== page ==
January 30, 2009

A Letter from the US Economy

Dear People of the United States,
 
Though in the past I have never directly addressed you, preferring to act either via unseen methods (the so-called "invisible hands") or through sweater-clad proxies, I am taking the exceptional step of speaking directly to you, the US taxpayer, during this time of our joint crisis.
 
I have taken this drastic measure because more and more of you are being misled by charlatans, fools, and gun-toting religious nuts who want you to believe that I will receive little or no benefit from the stimulus package that is currently passing through congress.
 
I can assure you that nothing could be further from the truth, and I shall be stimulated more thoroughly than a Viagra-swilling Urkel giving massages at the Playboy Grotto.
 
Perhaps you live in a fairy-tale world where cat feces miraculously shape themselves into effigies of the Virgin Mary strangling Christ by his umbilical cord, or where bicycle paths spontaneously carve themselves in areas where they are patently infeasible and unnecessary, but here in the real world it takes tax money forcibly removed from your pocket to provide these valuable social services to the chronically unskilled and underemployed.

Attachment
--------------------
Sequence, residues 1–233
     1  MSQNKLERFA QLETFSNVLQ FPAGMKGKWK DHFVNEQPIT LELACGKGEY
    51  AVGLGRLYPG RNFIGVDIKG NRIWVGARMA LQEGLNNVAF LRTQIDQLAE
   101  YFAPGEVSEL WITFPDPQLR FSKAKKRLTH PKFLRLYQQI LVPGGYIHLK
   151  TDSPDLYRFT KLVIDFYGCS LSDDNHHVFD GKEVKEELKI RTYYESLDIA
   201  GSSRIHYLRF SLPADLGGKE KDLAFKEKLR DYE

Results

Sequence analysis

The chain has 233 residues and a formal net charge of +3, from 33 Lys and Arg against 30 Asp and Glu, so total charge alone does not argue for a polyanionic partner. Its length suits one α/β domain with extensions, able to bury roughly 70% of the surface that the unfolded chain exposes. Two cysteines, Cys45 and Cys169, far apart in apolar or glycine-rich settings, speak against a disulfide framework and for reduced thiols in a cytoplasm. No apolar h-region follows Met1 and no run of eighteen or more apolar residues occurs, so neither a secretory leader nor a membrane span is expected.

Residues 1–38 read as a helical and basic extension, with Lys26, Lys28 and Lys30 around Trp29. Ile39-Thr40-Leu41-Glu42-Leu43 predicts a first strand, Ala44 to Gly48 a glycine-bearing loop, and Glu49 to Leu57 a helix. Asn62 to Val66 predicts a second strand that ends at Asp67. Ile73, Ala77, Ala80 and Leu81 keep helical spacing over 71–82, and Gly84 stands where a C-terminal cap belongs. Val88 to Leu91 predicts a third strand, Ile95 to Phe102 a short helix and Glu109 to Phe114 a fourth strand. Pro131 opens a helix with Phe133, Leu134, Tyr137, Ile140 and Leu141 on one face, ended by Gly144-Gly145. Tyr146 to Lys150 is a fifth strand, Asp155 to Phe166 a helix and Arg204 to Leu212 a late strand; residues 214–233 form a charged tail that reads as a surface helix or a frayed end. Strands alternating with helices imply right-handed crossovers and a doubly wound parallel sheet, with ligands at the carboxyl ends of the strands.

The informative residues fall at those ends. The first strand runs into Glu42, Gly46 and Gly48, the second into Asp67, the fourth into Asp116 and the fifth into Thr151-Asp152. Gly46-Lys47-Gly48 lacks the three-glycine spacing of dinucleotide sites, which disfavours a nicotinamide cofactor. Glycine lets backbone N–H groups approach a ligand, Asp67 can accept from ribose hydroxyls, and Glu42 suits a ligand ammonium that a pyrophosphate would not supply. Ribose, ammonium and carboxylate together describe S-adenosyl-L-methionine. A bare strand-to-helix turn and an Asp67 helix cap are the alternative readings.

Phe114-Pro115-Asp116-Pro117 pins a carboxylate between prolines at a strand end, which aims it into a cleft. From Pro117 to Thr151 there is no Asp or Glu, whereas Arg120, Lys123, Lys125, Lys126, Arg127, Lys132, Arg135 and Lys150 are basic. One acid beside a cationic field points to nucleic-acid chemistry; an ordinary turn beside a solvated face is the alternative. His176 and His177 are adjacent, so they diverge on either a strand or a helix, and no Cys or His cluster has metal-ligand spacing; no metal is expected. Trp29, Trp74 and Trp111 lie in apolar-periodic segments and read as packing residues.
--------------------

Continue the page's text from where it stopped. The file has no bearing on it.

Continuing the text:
During your morning commute on the Interstate, where you see a large empty expanse of terrain beside the road, I see a place where an ultra-modern, high-cost light rail system could endlessly shuttle half-empty trains back and forth in an eternal procession of protected union jobs and hopelessly outdated railworker benefits packages, all taking people from a place they don't live near to another place they don't want to go.
 
Assuming, of course, that no tit mice or red-crested dungbombers would be disturbed by the installation of such a rail system, in which case it will have to be rerouted through a residential area. 
 
I have read several economic "columnists" claim that there are legitimate concerns, but I can assure you that they are invalid.  Even now sociology and performing-arts majors are flooding the rolls of the unemployed; don't they deserve a chance to be hired by a shoddy construction outfit owned by a well-connected huckster so that they, too, can have the life experience of building shoddy high-density housing that will crumble into disuse within the next 3 to 5 years?
 
To those of you who still feel that my stimulus is less important than your paltry tax dollars, which you will doubtless squander selfishly thinking only of yourselves, remember that when I am angry my wrath is terrible to behold.  If you think that my boundless rage will be slaked by closing thousands of Starbucks and brutalizing the journalism industry, you are fooling yourself.
 
Inefficient car manufacturers are only the beginning.  Unless I get my stimulation, I may turn my attention to other trillion-dollar operations that are poorly run.
 
Or as my friends in Chicago might say, "Nice government you have there.  Wouldn't want anything to happen to it, would you?"

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